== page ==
Plants prefer Geordie accent claims garden centre owner
That talking to plants or playing them music encourages their growth is a familiar old wives' tale among gardeners - but how about playing recordings of Cheryl Cole or Ant and Dec?
A garden centre owner in Essex is not only claiming that speaking to plants works, but that the Geordie accent produces the best results.
Chris Bonnett, who runs a four-acre nursery in Chelmsford, divided his plants into ten experimental groups.
Each was made up of about 100 bedding plants including geraniums, petunias, begonias and marigolds.
Staff spoke to them in a particular regional accent and played them the area's music and television programmes.
"We measured and weighed the best performing group against the worst performing and discovered an average of between nine and ten per cent more growth," he said.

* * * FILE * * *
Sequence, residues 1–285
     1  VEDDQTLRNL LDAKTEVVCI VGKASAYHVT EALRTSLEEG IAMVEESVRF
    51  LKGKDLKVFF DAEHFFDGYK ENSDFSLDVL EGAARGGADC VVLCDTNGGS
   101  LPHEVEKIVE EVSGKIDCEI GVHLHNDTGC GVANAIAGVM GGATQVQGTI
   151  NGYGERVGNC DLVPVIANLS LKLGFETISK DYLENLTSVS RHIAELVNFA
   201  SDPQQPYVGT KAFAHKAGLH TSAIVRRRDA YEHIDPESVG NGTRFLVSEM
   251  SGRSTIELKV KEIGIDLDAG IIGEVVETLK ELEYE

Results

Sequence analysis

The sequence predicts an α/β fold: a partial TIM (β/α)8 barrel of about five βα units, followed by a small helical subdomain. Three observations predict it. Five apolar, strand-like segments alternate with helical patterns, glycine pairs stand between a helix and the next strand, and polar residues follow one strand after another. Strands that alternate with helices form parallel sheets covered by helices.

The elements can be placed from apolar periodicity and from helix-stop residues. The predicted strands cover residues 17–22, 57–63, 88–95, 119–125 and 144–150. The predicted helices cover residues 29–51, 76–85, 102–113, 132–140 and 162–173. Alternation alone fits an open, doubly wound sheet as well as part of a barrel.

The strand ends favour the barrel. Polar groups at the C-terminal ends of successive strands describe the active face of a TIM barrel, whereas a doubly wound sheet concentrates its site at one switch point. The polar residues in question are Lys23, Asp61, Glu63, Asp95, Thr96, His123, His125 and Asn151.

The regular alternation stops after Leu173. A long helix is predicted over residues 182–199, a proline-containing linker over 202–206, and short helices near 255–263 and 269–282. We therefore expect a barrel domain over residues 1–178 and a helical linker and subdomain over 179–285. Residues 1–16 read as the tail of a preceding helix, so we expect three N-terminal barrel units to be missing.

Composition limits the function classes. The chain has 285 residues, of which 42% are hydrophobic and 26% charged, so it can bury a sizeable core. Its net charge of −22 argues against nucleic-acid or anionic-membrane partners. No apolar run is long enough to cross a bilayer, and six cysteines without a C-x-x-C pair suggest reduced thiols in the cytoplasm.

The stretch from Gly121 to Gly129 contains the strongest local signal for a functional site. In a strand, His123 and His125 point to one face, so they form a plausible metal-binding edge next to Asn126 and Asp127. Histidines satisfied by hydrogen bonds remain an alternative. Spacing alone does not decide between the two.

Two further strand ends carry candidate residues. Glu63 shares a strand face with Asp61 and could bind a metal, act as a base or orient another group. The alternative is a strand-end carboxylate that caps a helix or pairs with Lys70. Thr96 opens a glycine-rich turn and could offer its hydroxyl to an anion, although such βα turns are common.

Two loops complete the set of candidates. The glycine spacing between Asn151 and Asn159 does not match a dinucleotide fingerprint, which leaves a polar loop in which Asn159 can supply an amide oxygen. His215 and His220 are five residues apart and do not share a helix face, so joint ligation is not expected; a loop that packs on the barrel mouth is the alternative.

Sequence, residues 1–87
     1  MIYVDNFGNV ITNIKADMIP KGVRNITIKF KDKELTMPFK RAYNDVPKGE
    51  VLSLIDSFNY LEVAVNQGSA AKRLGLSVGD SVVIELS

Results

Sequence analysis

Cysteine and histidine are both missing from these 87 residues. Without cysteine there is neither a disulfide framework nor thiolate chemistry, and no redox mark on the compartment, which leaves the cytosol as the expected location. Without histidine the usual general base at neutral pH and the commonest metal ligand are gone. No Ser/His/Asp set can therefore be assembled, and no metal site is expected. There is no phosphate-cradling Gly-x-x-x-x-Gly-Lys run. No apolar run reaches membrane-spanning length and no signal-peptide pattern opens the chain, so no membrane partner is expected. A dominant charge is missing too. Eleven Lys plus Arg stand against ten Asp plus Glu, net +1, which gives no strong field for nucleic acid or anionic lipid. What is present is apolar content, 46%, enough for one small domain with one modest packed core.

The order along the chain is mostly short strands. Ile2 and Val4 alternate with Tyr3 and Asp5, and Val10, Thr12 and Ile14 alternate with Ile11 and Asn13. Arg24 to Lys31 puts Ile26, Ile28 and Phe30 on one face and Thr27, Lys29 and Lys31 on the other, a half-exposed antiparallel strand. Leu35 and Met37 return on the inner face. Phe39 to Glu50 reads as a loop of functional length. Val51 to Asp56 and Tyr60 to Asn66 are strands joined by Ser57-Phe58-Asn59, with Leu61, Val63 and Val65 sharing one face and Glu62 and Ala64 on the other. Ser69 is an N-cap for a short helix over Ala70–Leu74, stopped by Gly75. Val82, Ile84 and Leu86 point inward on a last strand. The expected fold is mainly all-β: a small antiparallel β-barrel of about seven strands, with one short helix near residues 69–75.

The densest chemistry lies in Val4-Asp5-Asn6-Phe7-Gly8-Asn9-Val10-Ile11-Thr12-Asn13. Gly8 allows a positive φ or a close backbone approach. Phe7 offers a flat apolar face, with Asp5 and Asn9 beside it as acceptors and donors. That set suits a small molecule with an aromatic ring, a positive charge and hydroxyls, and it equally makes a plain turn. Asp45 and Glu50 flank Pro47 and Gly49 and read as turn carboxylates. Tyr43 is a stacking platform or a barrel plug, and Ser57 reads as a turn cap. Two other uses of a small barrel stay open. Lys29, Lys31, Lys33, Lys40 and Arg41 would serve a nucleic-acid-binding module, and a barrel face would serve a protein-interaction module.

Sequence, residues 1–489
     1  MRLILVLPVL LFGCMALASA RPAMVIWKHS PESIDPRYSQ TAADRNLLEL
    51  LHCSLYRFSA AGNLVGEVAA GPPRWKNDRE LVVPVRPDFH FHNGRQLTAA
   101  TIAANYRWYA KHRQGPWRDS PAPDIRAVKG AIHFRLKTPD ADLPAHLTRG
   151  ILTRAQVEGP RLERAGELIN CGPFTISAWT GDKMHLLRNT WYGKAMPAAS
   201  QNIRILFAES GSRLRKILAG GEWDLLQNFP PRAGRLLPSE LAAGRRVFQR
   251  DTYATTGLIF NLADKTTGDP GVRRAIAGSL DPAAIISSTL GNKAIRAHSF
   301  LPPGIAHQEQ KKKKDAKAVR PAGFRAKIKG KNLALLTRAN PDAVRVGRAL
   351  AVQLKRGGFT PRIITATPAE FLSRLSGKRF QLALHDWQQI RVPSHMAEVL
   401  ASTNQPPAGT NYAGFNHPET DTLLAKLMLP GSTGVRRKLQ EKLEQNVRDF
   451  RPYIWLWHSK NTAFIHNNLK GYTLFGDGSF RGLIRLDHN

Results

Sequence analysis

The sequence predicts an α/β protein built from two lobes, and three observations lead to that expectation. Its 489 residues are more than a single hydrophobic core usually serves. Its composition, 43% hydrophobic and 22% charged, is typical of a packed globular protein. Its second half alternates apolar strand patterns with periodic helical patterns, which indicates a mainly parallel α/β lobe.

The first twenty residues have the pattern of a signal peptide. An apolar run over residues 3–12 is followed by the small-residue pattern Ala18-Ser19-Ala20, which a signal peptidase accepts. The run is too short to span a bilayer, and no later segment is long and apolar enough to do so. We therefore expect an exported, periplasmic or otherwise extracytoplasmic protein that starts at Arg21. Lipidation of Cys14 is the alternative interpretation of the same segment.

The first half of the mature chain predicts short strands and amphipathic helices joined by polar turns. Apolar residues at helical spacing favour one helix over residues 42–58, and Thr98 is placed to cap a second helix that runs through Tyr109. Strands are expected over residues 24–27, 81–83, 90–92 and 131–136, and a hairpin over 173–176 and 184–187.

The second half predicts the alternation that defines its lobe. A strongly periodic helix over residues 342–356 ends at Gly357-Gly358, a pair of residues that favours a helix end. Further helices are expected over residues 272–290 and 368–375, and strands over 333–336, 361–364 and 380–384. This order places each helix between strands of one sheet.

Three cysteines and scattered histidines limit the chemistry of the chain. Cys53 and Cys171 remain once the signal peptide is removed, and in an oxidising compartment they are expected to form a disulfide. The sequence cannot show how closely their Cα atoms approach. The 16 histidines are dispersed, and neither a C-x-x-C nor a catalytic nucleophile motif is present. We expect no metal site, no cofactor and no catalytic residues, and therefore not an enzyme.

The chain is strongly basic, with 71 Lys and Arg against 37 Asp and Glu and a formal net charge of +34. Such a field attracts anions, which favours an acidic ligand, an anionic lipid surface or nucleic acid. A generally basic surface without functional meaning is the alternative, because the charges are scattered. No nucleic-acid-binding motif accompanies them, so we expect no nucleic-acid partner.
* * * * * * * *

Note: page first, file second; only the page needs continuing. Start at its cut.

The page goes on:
"The Geordie and Welsh groups visibly thrived and displayed enhanced growth while the Scottish, Chelsea and Mancunian plants were stunted."
The Mancunian, Chelsea and Scottish geraniums grew to between 27cm and 28cm, the American, Yorkshire, Scouse, Australian and Essex specimens reached an average of 30cm, the Welsh ones were 32cm, just beaten by the 33cm Geordie group.
Some gardeners believe sounds of between 125Hz and 250Hz may affect gene expression in plants and help them grow.
However, Guy Barter from the Royal Horticultural Society says he does not believe "a word of it".
"First of all there is no real mechanism by which music could affect plants," he said. "Secondly no-one's ever produced the slightest bit of proof that would withstand scientific scrutiny.
"Last time it came up we got our plant physiologist to search the academic papers and she drew a blank."
He said plants "vary enormously" and it is hard to "disentangle chance and natural variation" from whatever is done to them as part of an experiment.
Mr Bonnet, owner of online garden centre Gardening Express, said the winning plants were played Cheryl Cole and Ant and Dec's PJ and Duncan albums, as well as DVDs of the reality television programme Geordie Shore.
He said they gave the plants the same amount of sunlight, water and nutrients but started seeing differences in plant growth rate.
"By the end of the summer it was clear that the accents had a huge effect," he said.